In Anatomy of an Epidemic: Magic Bullets, Psychiatric Drugs and the Astonishing Rise of Mental Illness, Robert Whitaker cites studies showing stirring rates of recovery. One NIMH study saw 73 percent of patients diagnosed with schizophrenia discharged after just one year and remaining in the community three years after discharge. Another study found that 85 percent of patients discharged within five years successfully lived in the community more than six years later. Overall, Whitaker found that these studies indicated that only 20 percent of patients with schizophrenia will need to be continuously hospitalized.
Knowing all of this isn’t enough. During his twenty-plus years of research, stigma researcher Patrick Corrigan has shown that education doesn’t lessen stigma. All those well-intended mental health awareness campaigns and celebrities making documentaries about their disorders and social media posts don’t help; contact with people with the condition does.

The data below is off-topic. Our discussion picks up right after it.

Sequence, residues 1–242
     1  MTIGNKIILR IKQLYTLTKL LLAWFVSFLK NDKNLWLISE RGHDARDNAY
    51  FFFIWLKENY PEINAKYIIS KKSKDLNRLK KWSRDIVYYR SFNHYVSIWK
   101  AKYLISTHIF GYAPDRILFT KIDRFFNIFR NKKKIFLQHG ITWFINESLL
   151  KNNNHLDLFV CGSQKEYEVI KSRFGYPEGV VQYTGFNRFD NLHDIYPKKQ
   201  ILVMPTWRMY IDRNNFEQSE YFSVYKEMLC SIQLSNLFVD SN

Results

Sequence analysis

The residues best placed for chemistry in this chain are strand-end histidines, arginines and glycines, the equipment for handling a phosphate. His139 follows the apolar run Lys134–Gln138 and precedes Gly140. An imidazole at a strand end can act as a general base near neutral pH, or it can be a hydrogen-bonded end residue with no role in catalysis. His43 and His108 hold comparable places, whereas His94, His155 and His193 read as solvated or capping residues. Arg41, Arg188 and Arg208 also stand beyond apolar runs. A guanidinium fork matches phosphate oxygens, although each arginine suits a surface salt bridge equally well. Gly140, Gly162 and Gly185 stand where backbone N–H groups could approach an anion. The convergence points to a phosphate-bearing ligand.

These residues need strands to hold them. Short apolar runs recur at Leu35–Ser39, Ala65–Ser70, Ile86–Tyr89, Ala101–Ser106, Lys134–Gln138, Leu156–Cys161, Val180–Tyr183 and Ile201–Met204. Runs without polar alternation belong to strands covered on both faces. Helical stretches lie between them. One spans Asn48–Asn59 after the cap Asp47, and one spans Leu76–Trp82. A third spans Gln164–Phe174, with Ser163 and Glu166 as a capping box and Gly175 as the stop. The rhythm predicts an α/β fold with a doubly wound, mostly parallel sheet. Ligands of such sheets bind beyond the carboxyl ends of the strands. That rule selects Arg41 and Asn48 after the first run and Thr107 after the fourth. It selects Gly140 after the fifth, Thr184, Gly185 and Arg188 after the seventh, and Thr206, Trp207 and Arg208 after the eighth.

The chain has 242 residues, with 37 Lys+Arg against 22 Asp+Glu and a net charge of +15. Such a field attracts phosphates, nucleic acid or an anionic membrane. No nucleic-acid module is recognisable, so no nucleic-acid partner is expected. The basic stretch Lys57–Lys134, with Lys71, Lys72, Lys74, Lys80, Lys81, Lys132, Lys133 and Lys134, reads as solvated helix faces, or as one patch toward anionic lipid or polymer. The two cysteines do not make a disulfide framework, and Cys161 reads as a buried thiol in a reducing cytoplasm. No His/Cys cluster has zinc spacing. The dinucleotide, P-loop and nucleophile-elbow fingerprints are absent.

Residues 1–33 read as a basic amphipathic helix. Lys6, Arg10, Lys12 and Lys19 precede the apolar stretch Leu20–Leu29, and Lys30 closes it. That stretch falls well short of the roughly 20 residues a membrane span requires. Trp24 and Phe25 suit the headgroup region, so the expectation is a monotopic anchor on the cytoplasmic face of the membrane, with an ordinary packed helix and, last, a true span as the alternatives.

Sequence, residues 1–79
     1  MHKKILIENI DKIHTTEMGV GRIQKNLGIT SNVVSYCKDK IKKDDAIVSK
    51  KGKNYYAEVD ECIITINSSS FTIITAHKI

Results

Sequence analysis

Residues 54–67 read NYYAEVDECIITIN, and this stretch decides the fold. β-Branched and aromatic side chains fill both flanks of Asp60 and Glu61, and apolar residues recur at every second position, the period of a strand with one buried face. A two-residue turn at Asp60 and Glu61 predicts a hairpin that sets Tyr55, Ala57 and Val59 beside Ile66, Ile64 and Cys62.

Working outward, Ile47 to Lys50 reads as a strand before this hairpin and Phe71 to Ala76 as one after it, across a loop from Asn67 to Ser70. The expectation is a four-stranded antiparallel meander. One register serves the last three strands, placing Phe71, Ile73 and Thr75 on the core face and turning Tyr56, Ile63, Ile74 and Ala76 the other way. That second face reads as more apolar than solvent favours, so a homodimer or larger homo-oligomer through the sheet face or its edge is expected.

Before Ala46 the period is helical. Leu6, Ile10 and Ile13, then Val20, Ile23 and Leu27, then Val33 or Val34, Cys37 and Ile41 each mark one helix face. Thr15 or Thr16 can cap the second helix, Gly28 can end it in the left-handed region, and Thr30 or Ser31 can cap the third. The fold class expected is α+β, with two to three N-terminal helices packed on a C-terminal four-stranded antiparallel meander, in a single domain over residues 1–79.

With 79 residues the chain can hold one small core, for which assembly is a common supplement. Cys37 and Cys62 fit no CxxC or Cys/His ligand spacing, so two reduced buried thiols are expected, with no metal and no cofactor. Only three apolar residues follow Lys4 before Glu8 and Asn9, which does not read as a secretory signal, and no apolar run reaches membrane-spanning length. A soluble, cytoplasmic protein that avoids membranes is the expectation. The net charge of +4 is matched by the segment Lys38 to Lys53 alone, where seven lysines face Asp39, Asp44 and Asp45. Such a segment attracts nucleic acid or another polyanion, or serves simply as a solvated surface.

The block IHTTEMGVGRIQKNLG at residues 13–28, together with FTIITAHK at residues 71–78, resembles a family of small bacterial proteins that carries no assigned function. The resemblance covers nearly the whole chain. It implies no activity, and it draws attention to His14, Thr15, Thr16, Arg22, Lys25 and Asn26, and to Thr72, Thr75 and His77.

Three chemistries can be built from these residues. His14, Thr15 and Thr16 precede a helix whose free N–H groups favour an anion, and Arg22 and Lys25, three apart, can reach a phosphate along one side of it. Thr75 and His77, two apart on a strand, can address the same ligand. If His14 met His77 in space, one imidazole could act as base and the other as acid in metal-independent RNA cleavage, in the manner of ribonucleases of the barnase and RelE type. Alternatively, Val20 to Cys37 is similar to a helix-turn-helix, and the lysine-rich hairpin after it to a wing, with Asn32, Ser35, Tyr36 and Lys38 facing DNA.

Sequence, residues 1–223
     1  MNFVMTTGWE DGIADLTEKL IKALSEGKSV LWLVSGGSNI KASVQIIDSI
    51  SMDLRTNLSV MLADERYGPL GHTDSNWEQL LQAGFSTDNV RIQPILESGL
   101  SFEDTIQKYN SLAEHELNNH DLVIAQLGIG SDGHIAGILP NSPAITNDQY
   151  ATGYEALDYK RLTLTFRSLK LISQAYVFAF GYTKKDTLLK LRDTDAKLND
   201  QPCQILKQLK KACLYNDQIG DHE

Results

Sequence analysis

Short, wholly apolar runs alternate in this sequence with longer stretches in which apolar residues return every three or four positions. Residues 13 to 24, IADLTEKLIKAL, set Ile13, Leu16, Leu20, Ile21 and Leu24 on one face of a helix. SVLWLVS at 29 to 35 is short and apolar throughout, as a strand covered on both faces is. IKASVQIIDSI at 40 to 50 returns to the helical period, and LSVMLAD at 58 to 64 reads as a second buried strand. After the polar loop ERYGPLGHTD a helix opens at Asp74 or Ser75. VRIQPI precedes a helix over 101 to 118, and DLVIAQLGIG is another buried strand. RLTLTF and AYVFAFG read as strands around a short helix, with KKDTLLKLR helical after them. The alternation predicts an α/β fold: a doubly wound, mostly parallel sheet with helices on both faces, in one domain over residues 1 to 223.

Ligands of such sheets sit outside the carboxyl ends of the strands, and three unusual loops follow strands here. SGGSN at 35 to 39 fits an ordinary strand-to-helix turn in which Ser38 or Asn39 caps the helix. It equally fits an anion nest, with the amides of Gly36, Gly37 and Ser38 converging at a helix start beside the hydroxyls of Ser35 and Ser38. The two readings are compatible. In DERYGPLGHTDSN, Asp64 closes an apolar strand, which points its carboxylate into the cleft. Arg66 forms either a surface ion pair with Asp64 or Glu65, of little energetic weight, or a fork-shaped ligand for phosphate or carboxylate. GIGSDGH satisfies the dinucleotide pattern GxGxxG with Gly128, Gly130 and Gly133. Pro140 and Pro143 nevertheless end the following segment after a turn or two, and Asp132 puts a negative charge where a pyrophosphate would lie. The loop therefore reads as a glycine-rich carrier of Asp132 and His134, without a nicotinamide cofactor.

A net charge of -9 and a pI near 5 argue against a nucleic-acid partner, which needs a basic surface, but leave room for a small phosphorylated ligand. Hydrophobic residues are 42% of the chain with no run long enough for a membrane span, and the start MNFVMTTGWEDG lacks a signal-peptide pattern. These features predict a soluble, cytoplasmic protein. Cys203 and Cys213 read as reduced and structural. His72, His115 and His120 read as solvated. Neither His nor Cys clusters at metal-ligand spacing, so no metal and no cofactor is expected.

In the digital age, we can be in the company of those with psychosis in different ways, including at least one YouTube channel. Living Well with Schizophrenia is devoted to helping those with schizophrenia-spectrum disorders. I can’t publicize or recommend it highly enough—even if you don’t experience psychosis. The force behind this YouTube channel, Lauren Kennedy, is a social worker, a mental health advocate, a person living with schizoaffective disorder, and a mom.
The channel is truly one of the best things on the internet. Kennedy generously shares her experience. She’s genuine, raw, open, and helpful—never smug or melodramatic. Her videos offer insights on everything from what it’s like to be hospitalized to ten signs that she’s slipping into psychosis to her struggles with taking medication to her moment-by-moment experience of schizophrenia symptoms: